Common Sense, who has their own ratings system in place for games and other entertainment media, claims the ads violate the ESRB's own ad standards, claiming that the commercials will make the game more desirable for children (Dead Space 2, in case you didn't know, was rated "M" for Mature by the ESRB). In a response, ESRB president Patricia Vance defended its approval of the TV ad campaign stating, "... just because a product desires to be seen as 'cool' or 'edgy' does not in and of itself necessitate that it is directed at children."


Bulletstorm ESRB description includes mention of "Intoxicated Skillshot"

Bulletstorm is a game we can't wait to play for ourselves (it's due out on February 22) and after reading the official content description at the ESRB game ratings web site it sounds like its going to be more fun than we thought. The game, as some of you may already know, has a Skillshot feature that gives points for more cool ways to kill your enemies in the game. Well, the ESRB description reveals that one of the Skillshots you can achieve involves drinking ... alcohol that is.

The exact quote is, "During the course of the game, players can consume alcohol and kill enemies in order to receive an Intoxicated Skillshot; the screen turns blurry during these sequences." Sounds like someone at developers People Can Fly and/or Epic Games likes the Jackie Chan Drunken Master movies. Oh, and just in case you were not sure, Bulletstorm is indeed rated "M".

ESRB launches iPhone and Android app updates for instant rating summaries

The Entertainment Software Ratings Board does an excellent job in terms of having its ratings on the boxes of nearly all retail PC and console games. But perhaps parents want more info on what content is in a particular game beyond the rating and brief descriptions. This week the ESRB announced updates the organization's applications for the iPhone and Android-based phones that will give parents that info.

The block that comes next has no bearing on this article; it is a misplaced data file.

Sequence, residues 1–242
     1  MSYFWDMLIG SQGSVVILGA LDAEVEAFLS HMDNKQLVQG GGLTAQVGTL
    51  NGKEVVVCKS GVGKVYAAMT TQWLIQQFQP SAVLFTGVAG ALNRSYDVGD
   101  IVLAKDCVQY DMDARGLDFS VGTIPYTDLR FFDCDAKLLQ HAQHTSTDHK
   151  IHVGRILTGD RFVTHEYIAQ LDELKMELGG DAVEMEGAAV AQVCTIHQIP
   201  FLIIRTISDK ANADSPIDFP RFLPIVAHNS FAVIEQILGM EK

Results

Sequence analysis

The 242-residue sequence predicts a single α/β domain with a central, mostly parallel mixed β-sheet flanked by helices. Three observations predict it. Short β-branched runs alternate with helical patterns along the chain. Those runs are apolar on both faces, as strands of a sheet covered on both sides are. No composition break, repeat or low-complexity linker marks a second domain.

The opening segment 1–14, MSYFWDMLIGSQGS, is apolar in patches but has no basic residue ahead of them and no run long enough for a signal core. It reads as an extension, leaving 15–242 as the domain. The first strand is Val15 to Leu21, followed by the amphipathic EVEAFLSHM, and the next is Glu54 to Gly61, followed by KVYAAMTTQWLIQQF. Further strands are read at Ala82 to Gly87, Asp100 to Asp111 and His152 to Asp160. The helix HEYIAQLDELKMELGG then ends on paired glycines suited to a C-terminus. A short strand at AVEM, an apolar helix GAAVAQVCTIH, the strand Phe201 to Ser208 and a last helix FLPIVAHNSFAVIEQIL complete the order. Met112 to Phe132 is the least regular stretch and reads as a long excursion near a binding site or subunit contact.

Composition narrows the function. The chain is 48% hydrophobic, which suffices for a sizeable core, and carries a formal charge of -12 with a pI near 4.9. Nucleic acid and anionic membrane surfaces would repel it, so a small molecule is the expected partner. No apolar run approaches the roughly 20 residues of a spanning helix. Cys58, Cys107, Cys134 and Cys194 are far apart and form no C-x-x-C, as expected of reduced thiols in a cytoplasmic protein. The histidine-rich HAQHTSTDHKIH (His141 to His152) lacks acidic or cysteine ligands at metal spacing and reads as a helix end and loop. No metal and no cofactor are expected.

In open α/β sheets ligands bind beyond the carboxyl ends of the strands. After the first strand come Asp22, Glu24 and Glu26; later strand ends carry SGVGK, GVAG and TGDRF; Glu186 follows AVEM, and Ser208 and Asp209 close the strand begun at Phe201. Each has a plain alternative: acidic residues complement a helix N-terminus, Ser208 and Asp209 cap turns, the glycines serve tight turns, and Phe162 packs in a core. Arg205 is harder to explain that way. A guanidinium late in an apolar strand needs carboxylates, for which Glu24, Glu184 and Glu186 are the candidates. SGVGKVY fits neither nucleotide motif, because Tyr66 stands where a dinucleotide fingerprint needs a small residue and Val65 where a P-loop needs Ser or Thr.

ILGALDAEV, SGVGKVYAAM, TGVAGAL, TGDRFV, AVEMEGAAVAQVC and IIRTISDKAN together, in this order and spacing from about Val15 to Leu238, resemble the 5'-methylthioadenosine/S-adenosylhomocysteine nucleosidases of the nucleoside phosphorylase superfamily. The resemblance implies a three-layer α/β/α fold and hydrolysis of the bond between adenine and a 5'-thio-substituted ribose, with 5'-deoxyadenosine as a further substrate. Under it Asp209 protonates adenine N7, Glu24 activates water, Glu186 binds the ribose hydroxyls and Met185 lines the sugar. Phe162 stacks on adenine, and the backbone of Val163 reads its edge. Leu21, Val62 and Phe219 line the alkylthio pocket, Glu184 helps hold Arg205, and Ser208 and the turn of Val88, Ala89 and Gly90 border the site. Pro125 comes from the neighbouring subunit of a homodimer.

Phones with the ESRB app can now use the phone's camera to take a picture of a game box. The app will then display a detailed ratings summary of that game's content which for space reasons cannot be displayed on the box itself. The rating summaries are available for all games that have been released since July 1, 2008.

Rumor: Venetica coming to the US?

Over a year ago, developer Deck13 and publisher dtp Entertainment relesed Venetica in Europe. The action-RPG game looks like it will be making its US debut soon-ish. A listing on the ESRB web site shows the game as coming to our part of the world for the PC and other platforms via publisher Evolved Games.

What is Venetica about? Set in the 16th century, the game has you controlling the character of Scarlett, a woman who finds out she is the daughter of Death (yes, Death is a physical being in this game world). She has to stop the evil plans of Victor, a man who was formerly Death and who is now trying to take over the world via dark magic arts and creatures.

California's game law creator sticks to his guns

With the US Supreme Court scheduled to hear the oral arguments for and against California's controversial retail game law next week the man who sponsored the law is sticking to his believes in a new interview with Gamespot this week.

Yee spends much of the time slamming the ESRB, the US game ratings board, calling the board "biased." He states, "The ESRB is funded by the industry, so it's like the fox guarding the henhouse." When it's pointed out the the US movie industry also rates its movies, Yee states, "It's a different technology. You go to a movie and you just sit there for two hours and see everything. Within video games, content is so embedded that you are unable to look at all the content in one sitting."

Yee's law, if it is allowed to be enforced, would restrict the sales of certain games with violent content to minors. Yee claims that such a law doesn't violate the First Amendment rights of free speech. He states, "Interestingly, kids can have access to these ultraviolent video games even under my bill. All you have to do is go to your parents, talk to your parents, and if your parents want to get it for you, they can go to the store and get it for you."

More Mayhem info revealed

Last week we reported that the ESRB web site had posted up a new entry for a demolition derby-like racing game called Mayhem. Now Australian's ratings board has revealed that the game from publisher Evolved Games is being developed by Left Field Productions.

The California-based game developer has had some experience with driving games in the past, including its most recent release, the off-road themed SCORE International Baja 1000. That's pretty much all we know about this game but since ratings board for two countries have approved it the game is also likely to be released sooner rather than later.